A.S. Minor is a United States Army veteran who deals with Borderline Personality Disorder, Bipolar Disorder, and PTSD. He is a multiple competition-winning spoken word poet and novelist, and he uses these platforms to bring awareness to mental health in venues of all sizes, from open mics and local poetry slams to national poetry competitions and theaters, as well as a TEDtalk. Read on as he shares more of his journey here:
I’ve taken medication for most of my life. At a young age I was misdiagnosed as ADHD, and was prescribed Adderall. Due to the nature of my actual issues, the medication helped some of the symptoms but not all. When I got older, and finally received that proper diagnoses I was put on a nice cocktail of medications that changed fairly frequently in the beginning. Over the years I’ve gotten off my medications countless times, and though I’m dedicated to my own recovery, oftentimes it’s difficult because I know what I felt like without the medications, and it is so vastly different than when I’m actually on them. Because of this difference in feeling, it seemed unnatural and suffocating to be on them.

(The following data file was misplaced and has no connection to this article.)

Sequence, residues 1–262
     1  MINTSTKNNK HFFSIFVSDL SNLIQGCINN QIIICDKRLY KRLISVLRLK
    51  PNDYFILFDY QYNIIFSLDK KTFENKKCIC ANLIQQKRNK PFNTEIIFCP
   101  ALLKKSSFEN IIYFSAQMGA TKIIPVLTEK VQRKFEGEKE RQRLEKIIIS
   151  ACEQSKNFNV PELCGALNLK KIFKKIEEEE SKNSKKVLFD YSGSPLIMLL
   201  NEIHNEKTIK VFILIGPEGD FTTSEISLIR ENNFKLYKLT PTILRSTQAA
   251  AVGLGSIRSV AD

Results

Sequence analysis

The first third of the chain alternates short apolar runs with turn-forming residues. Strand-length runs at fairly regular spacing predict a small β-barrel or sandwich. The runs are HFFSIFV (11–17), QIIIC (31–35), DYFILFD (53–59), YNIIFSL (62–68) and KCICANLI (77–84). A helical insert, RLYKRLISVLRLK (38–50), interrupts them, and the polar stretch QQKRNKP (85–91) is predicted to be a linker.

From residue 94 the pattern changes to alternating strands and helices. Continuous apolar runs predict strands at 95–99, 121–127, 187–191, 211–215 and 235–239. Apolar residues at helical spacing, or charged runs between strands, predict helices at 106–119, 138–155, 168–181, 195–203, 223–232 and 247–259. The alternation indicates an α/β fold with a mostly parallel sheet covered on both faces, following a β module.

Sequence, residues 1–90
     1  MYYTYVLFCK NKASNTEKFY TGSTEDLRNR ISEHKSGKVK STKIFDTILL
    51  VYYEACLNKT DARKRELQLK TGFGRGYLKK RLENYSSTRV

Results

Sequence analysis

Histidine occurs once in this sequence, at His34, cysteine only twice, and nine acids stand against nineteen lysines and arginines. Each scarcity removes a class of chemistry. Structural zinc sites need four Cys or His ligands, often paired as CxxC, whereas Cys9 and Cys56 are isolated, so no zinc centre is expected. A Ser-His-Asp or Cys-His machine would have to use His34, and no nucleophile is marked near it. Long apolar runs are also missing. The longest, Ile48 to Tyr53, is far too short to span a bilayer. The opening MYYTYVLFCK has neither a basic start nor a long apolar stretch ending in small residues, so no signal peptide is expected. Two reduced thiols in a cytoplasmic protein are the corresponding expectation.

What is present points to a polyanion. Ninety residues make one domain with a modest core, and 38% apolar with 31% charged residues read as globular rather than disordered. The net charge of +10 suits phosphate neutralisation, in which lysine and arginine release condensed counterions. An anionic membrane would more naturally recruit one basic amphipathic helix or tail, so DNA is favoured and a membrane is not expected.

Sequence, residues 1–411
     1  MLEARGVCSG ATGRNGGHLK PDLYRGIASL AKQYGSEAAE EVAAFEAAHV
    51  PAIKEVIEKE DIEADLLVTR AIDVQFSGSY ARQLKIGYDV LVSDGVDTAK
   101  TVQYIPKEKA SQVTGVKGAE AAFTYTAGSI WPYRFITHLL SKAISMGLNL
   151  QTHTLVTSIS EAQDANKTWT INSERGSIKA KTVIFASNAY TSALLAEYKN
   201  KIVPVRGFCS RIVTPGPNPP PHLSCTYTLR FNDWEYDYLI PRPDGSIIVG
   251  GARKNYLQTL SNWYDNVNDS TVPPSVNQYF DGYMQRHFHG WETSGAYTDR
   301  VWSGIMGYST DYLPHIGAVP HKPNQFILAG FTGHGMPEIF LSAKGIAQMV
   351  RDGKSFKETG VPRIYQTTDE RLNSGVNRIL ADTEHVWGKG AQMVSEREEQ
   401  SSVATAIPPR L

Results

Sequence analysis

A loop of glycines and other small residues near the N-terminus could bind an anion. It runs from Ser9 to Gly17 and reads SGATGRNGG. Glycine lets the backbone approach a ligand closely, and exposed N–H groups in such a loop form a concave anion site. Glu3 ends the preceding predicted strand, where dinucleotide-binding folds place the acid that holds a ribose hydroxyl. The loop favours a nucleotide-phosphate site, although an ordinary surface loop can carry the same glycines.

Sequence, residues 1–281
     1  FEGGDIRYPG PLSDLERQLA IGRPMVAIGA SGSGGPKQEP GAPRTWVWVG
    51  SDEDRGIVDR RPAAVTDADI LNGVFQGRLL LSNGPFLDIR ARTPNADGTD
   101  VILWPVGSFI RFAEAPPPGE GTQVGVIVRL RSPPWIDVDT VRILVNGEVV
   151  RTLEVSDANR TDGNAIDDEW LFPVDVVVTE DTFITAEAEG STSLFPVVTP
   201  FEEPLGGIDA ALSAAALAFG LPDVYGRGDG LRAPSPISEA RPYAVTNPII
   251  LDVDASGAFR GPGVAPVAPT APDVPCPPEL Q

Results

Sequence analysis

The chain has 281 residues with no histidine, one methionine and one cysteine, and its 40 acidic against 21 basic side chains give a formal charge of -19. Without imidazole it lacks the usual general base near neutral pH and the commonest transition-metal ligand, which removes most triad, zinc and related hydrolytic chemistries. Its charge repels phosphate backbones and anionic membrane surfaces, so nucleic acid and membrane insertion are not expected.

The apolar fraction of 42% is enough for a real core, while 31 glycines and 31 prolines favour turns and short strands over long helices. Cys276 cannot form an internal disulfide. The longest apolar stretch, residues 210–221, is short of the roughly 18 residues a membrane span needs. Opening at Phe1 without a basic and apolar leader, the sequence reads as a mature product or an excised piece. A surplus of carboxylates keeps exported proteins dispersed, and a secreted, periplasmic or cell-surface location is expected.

As someone who has been on and off medications for an extended period of time, I recognize the benefits. I recognize the changes in myself when it comes to my own thought-processes and to my interpersonal relationships. I also recognize, however, that the person who I am when on the medications is wholly different than the person not on them, and thus I feel like a fraud. I feel like I’m wearing a mask, and everyone loves that mask but doesn’t necessarily love me , because I’m the one underneath that mask. Another note to keep in mind is that, when on the meds, I still feel and recognize the same emotional responses that I’d have without them, except my outward response doesn’t reflect that the way it would. Hence the feeling of suffocation, because I feel these things but am now unable to express them. With that being said, that feeling of being a fraud behind a mask serves to increase my own guilt, rejection, and shame, but without the ability to release those feelings in any way I’m just left to dwell on them, creating a vicious cycle.
I wrote this poem after having gotten off my medications once again. A part of me felt like I wanted to be on them, but the other part of me felt what I described above, and so I at least wanted to try it. I struggled with the notion of getting back on them, because I felt like the meds were a way to help those around me more than they were a means to help me. I did, however, get back on them, but not before writing this. Please let me know what you think, and if you can relate. You can check out more spoken word on my YouTube Channel or connect with me on Facebook and read more on my website.